John Osborne (playwright); George Osborne (financial adviser and part-time politician). Both products of austerity. One, a dissident, the other a celebrant.
The last great period of British austerity, post-World War II, ended in a cultural explosion. When John Osborne wrote Look Back in Anger (1956), John Braine Room at the Top (1957) and Alan Sillitoe Saturday Night and Sunday Morning (1958), all aspects of social repression were laid bare—threadbare. With this suit of dramas and others a key was turned to open a hatch into the explosion of imagination that was ‘the 1960s’. In Osborne’s Look Back in Anger, a woman says to her procrustean father of her rebellious husband, Jimmy Porter: “You’re hurt because everything is changed. Jimmy is hurt because everything is the same.” Each of these dramas was ignited by an acute sense of their positioning in social change, of living on a cusp—actually a precipice—with society itself in flux:
♫ “the times they are a‘changing.”
What Osborne and Braine were reacting with was an economic austerity imposed after WW2 which had led to a social and cultural austerity – a silencing of argument, democracy dormant. The caution stimulated by economic vulnerability led, inevitably, it seems, to an austerity of imagination (the theme of Room at the Top). When times are hard and those who manage are those with the stomach for it we are persuaded to rein-in our creativity, to take refuge in safe, familiar thoughts. People, they say, vote Labour in times of plenty. Osborne was not an ‘angry young man’, but someone had to carry the label to legitimise the loss of patience for the catastrophic suppression of creative freedom, and it was given to him.
George Osborne, son of a wealthy Baron, emerged from a very different context. His formative years were spent in that mean-spirited social milieu in which the rich were fast tiring of giving up their wealth to support a welfare state. Once Margaret Thatcher had declared herself against the idea of ‘society’ the wealthy received their permit to free themselves of moral obligation. Much of the welfare state was, in any event, built on the need to sustain a healthy working class to fill the ranks of the army. (The School Health Service was founded as a result of the near-loss of the Crimean War owing to an army made up of sickly and unfit servicemen. The NHS was, arguably, the gift to the working classes for winning WW2.) Modern armies are less labour-intensive.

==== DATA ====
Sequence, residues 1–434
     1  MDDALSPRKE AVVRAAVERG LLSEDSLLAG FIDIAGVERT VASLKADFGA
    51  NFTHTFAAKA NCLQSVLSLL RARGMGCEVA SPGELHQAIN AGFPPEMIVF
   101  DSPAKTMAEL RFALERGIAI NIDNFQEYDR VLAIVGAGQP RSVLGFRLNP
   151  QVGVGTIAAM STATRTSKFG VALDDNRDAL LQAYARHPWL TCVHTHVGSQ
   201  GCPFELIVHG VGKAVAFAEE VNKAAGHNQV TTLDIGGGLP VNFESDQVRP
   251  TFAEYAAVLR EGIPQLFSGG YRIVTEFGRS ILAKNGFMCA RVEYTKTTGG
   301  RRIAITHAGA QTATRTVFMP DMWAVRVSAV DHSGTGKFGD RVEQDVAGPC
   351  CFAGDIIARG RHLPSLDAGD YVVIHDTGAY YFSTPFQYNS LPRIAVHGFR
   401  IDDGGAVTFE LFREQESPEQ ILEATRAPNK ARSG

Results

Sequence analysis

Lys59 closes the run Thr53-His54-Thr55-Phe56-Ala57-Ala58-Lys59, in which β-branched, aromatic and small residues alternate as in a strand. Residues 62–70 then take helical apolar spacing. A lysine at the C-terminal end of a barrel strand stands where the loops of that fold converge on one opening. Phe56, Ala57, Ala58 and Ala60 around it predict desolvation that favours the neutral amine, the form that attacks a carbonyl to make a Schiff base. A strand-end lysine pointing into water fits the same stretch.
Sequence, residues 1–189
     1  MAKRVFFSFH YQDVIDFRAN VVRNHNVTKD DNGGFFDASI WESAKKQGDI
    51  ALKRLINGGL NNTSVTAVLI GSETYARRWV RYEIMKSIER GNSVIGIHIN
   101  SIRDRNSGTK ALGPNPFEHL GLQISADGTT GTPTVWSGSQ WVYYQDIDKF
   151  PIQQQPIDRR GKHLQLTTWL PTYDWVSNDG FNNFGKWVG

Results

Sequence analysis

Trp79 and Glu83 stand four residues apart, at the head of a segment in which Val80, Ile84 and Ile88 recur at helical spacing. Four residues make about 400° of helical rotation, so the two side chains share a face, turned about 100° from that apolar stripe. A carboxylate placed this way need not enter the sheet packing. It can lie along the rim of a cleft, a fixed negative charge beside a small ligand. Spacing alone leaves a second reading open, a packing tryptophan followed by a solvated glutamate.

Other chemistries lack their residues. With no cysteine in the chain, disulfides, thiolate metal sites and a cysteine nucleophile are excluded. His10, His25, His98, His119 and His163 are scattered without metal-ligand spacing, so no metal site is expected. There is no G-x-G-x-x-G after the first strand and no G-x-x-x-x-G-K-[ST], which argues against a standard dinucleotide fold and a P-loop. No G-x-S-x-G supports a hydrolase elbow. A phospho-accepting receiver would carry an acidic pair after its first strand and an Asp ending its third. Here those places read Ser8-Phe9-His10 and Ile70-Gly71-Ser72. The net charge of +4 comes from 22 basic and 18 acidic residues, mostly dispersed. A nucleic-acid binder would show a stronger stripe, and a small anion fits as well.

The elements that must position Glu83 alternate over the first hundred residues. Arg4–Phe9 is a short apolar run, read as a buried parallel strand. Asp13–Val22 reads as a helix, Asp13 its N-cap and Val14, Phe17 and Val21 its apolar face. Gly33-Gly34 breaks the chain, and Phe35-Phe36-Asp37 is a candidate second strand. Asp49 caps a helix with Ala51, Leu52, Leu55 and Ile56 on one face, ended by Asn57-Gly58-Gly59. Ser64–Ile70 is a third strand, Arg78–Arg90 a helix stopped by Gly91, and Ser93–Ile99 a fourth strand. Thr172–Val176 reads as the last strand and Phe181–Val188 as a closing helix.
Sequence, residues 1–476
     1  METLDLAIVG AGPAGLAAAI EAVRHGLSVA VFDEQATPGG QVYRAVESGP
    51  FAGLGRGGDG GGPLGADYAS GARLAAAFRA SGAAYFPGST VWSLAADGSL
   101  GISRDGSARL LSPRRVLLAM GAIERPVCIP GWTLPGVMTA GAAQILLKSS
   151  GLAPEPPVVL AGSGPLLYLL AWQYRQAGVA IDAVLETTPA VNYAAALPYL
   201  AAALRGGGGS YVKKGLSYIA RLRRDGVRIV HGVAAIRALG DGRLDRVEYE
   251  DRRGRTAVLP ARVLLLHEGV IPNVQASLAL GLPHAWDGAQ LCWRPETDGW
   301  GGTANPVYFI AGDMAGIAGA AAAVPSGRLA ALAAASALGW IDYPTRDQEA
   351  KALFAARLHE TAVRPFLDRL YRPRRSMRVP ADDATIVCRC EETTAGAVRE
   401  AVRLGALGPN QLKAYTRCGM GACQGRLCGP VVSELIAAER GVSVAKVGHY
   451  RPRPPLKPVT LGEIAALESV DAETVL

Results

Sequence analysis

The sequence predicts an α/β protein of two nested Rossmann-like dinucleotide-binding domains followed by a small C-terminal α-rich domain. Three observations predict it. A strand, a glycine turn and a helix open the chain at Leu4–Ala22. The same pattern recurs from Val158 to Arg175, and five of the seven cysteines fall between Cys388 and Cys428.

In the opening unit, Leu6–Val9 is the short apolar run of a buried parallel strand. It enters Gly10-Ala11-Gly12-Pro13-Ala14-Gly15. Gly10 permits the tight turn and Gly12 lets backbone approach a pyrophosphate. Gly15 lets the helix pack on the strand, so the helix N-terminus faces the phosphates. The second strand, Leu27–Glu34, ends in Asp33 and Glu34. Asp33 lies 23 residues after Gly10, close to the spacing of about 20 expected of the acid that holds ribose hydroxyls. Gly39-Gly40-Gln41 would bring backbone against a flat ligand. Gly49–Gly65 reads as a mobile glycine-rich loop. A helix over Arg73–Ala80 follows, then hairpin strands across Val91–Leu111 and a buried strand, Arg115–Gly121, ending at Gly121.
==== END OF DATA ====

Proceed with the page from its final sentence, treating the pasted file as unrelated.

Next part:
In such a zeitgeist George found it as easy to switch his early ‘Conservative modernising’ agenda for his poor-bashing austerity policies as he did to change his name by deed-poll from Gideon. He wasn’t rebelling. His schooling had taught him all about conformity as the basis of establishment rule. He became the Cardinal Richelieu of austerity and insisted on compliance. Even Parliamentary opposition parties were coerced into becoming collaborateurs. A new Great Silence was fostered. The ‘single narrative’ of austerity and deficit-cutting fell like a blanket over political discourse. The unpleasentness (the cruelty) of cutting welfare was trumped by the alleged necessity.*
From time-to-time it seems that austerity has run its course – even the IMF, the great fetishist of enforced economic austerity, wants it to end. But each time there has been a resurgence until, in 2014, Osborne Geoge announced that it was to be a permanent feature of the British economy. It is certainly a permanent (and still unchallenged) feature of Westminster vocabulary – the ‘new normal’. Economic austerity seems like it is here to stay; creative austerity follows; social change is suppressed.
Unlike in 1956 there is no sense of ‘living on a cusp’, no whiff of social change in the air, little feeling of historical tension. We are yet to see a John Osborne moment, a lurch at a precipice, a recrimination by the young to the older generation for allowing ‘The Great Silence’ to persist.
“♫ Teach your children well
their father’s hell did slowly go by” ♫.
Of course, it will come – Trump, Le Pen, Wilders and others notwithstanding. Someone, somewhere is penning those same Osborne angers, waiting for a change in barometric pressure that signals a willingness to hear the shout. ‘Look Back in Anger’, ‘Room at the Top’, ‘Cathy Come Home’, ‘Boys from the Black Stuff’, ‘This is England’, ‘I Daniel Blake’ are all strident, insisting calls to break the silence. But right now they are messages in a bottle.
* see Kushner, B. & Kushner, S. (2014) Who needs the cuts: myths of economic crisis, London: Hesperus